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filed: August 1, 1980.


No. 1650 October Term, 1978, No. 1651 October Term, 1978, Appeal from the Judgment Entered on May 25, 1978 in the Court of Common Pleas of Philadelphia County, Trial Division Law, September Term, 1971, No. 2889 and May Term, 1973, No. 1900.


Norman M. Hegge, Jr., Philadelphia, for appellants.

Richard W. Berlinger, Philadelphia, for Mamie Farley, appellee.

Joseph Litt, Philadelphia, for Richard Harrow, Jr., appellee.

Cercone, President Judge, and Watkins and Hoffman, JJ. Cercone, P. J., and Hoffman, J., concur in the result.

Author: Watkins

[ 279 Pa. Super. Page 573]

These are appeals growing out of a trespass action in an intersectional vehicular accident. The cases were consolidated for trial. Richard Harrow, Jr., the plaintiff-appellee, sued the defendant, Henry T. Plonski, a bus driver and his employer, Southeastern Pennsylvania Transportation Authority (SEPTA), for injuries he sustained when his car was struck by a bus, owned by SEPTA and operated by Plonski. Richard Harrow, Jr., was brought in as an additional defendant on the basis that he contributed or was fully responsible for the accident, but the court below during trial entered a non-suit.

The jury returned verdicts in favor of Harrow in the amount of $10,000 and in favor of Farley in the amount of $25,000. Post-trial motions for judgment notwithstanding

[ 279 Pa. Super. Page 574]

    the verdict and for a new trial were denied and judgments were entered on the verdicts.

The facts briefly as stated by the court below are as follows:

"On June 2, 1971, at approximately 12:30 P.M., the plaintiff, Richard Harrow, Jr., was proceeding along Green Street in an easterly direction. At the same time, the defendant, Plonski, was operating a Septa bus in a southerly direction on 23rd Street. The intersection of 23rd and Green Streets only has a stop sign for Green Street. Mr. Harrow came to a complete stop at the corner and looked at the left. What he saw was Mr. Plonski waving his arm to indicate that it was alright (sic) for the plaintiff to proceed through the intersection. At this point the bus was approximately three (3) or four (4) car lengths from the corner, was moving at about five (5) miles per hour, and was continuing to slow down as if to stop when it reached Green Street. The plaintiff, seeing no other traffic, and having received the go ahead from the bus driver drove his 1968 Ford into the intersection. At a point a little more than halfway through the intersection, Harrow's car was struck by the bus on the rear portion of the driver's side of the vehicle. The bus was damaged on its right front side. Both vehicles were being driven down the center lanes of what are three (3) lane streets. The remaining four (4) outer lanes are used for parking.

"Just after the accident, the plaintiff got out of his car but before he could take more than a few steps he collapsed into unconsciousness and was rushed to the hospital. Insofar as the bus is concerned, while the driver was not hurt, four (4) passengers, including the other plaintiff, Mamie Farley, were injured."

Under these facts there is no merit in the motion for judgment notwithstanding the verdict and the court below properly denied it.

We will discuss the questions involved as to a new trial as follows:

[ 279 Pa. Super. Page 575]

A. The learned trial judge erred in refusing to charge the jury that Richard Harrow, Jr., had a continuing duty to look for approaching traffic as he entered the intersection regardless of any signals he allegedly received from the bus operator and his failure to do so was negligence.

Harrow testified that after he received the hand signal from Plonski he did not look back for other traffic on 23rd Street since he was looking at the bus and that was the only possible traffic. The bus was several car lengths away and it would serve no purpose if Plonski had given him the go ahead signal. SEPTA argues that its vehicle had the right of way but Harrow testified he had come to a complete stop and looked to his left and saw Plonski waving him ahead. The bus was being driven slowly and according to Harrow seemed to be slowing down to stop at Green Street so he drove into the intersection. He was a little more than halfway through the intersection when he was struck by the bus on the rear portion of the driver's side of his car. The damage to the bus was on its right front side.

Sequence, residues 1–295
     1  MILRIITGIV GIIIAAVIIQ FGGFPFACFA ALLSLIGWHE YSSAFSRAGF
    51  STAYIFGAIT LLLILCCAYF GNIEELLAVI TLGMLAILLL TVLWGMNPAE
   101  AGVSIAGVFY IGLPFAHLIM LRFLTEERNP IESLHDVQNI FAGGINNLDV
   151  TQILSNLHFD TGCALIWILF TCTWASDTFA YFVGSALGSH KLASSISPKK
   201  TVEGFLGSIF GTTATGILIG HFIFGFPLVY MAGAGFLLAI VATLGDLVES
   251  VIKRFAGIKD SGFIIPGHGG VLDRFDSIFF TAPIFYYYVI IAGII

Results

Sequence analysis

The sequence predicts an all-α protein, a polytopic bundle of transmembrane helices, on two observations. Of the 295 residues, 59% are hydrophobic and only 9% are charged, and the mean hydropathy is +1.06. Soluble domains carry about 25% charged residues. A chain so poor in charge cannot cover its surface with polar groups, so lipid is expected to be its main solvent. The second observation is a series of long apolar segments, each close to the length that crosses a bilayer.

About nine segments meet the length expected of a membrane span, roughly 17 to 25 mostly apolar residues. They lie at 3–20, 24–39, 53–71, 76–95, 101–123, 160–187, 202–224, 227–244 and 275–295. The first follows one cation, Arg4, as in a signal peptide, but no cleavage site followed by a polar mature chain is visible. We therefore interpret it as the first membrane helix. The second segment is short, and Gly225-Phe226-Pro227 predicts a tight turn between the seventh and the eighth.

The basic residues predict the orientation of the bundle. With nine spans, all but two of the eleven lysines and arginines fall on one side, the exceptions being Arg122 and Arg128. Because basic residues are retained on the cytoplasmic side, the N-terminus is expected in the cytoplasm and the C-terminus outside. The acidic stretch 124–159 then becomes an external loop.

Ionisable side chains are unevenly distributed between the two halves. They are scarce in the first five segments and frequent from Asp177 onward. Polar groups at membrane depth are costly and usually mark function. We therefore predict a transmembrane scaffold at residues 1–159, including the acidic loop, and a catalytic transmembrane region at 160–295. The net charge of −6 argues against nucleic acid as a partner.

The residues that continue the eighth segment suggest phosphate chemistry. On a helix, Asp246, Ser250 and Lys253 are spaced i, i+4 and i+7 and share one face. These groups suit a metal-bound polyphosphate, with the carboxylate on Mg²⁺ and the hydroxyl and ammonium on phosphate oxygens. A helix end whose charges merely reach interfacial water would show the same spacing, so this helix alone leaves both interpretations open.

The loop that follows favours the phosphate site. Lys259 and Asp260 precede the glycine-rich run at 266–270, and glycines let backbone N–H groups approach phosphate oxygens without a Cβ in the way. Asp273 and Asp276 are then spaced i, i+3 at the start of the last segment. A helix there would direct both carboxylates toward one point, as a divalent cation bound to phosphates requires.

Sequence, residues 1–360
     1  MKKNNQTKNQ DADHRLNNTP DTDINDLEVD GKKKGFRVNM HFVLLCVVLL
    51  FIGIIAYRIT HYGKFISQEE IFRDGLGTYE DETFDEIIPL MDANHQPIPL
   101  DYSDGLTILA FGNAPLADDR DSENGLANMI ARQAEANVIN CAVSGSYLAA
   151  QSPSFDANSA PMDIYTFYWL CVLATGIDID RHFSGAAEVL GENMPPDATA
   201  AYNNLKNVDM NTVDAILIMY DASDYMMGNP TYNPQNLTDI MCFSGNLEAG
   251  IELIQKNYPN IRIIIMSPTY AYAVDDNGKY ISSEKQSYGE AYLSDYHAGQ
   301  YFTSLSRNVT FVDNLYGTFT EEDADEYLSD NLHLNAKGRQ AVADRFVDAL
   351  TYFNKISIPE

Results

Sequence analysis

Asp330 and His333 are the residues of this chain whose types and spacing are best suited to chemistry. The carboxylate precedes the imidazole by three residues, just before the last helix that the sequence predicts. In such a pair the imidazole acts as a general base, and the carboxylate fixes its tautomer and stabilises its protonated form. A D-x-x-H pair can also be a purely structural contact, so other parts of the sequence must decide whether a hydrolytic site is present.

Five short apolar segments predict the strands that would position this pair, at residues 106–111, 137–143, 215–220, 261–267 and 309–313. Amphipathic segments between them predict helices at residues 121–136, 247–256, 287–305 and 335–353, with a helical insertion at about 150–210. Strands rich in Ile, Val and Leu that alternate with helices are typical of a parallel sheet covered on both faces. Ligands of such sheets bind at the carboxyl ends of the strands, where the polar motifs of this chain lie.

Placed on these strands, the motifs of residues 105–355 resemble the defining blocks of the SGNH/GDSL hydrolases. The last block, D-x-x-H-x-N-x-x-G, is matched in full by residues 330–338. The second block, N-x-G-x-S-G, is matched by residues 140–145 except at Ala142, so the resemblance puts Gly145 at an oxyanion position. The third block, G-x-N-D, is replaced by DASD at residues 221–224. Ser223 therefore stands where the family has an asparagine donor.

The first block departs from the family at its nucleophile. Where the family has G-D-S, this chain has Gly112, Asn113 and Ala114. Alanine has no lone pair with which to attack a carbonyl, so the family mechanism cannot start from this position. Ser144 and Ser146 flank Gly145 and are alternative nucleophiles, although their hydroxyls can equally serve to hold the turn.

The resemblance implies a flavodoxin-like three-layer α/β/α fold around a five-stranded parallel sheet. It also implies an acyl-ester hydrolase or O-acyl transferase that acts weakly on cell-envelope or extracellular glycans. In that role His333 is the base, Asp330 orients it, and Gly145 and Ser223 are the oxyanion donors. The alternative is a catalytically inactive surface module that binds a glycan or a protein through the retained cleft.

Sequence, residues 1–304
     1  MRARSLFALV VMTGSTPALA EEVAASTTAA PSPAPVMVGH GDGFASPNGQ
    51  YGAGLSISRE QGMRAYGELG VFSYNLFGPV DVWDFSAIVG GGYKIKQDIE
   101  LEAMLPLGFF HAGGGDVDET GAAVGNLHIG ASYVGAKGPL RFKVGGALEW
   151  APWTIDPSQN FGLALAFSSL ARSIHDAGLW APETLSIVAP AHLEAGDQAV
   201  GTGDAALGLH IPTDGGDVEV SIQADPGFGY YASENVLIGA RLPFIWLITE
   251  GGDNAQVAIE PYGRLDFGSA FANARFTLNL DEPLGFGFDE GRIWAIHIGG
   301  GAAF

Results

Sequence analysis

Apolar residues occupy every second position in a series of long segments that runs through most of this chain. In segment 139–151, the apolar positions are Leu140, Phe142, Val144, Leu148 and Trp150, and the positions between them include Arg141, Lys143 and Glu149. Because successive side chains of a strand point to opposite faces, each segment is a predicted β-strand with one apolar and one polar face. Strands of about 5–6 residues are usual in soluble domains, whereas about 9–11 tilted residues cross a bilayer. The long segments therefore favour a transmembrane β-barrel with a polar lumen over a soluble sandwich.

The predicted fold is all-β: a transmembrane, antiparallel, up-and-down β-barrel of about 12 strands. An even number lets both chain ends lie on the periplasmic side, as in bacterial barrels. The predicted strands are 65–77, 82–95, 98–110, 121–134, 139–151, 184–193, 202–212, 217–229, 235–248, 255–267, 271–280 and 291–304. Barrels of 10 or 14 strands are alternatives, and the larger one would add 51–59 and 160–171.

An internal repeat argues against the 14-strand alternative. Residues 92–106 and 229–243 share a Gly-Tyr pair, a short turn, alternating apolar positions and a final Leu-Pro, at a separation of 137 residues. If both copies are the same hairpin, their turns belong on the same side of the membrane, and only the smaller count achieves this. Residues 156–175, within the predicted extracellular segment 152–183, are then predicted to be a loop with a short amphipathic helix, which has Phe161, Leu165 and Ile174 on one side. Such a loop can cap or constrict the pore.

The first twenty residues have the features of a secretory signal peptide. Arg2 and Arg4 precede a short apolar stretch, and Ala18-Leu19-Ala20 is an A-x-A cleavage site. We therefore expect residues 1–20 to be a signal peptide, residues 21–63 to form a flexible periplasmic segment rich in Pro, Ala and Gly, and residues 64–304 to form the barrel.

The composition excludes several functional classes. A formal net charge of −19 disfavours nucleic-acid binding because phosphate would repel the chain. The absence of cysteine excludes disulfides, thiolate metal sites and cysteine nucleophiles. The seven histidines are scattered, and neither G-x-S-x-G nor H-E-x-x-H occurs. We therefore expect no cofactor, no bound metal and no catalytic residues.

Harrow had a right to assume that Plonski would not move into the intersection if the jury believed that he had been given the go-ahead signal. SEPTA argues that Plonski had the right of way and could not give it up. As the court below commented: "This theory would permit a defendant to proceed with reckless abandonment knowing that whatever occurred he could not be held responsible. Fortunately such is not the law." Peters v. Shear, 351 Pa. 521, 526, 41 A.2d 556 (1945) where the court stated:

"'A right-of-way' possessed by a motorist, is like a green light, not a command to proceed but a qualified permission to do so . . . A motorist, regardless of his possessing a theoretical 'right-of-way' must exercise such due care as is required by the situation confronting him."

The court below properly refused this point for charge.

B. The Learned trial court erred in charging that even though the bus driver had the right of way he was required to have his vehicle under such control as to avoid

[ 279 Pa. Super. Page 576]

    the accident. This charge was proper. See Peters v. Shear, supra.

C. The Learned trial judge erred in permitting Harrow to testify regarding his alleged loss of vision over a three year period without requiring competent medical testimony to show that such an injury was the natural and probable consequence of the accident.

We quote with approval from the disposition made of this complaint by the court below as follows:

"The testimony at trial established that when the plaintiff collapsed in the street immediately after the accident he was rushed to Hahnemann Hospital. When he became conscious he complained of a severe headache and that his left eye hurt. He was hospitalized for nine days during which time a head wound was stitched up, his eye was treated with medication, he had numerous skull x-rays taken and a compress was kept on his eye during his entire stay. When the plaintiff left the hospital he was still suffering from the headaches and a partial loss of vision. In addition to Harrow's own testimony, all of this was admitted into evidence as part of the medical records submitted at the trial.

"The plaintiff also testified that before the accident he had never had any problems with his head or, in particular, his eyes. He also noted that as a result of instructions given to him by the treating physician he did not seek additional attention for his eye but rather waited for the problem to clear up on its own. This occurred approximately three years after the accident.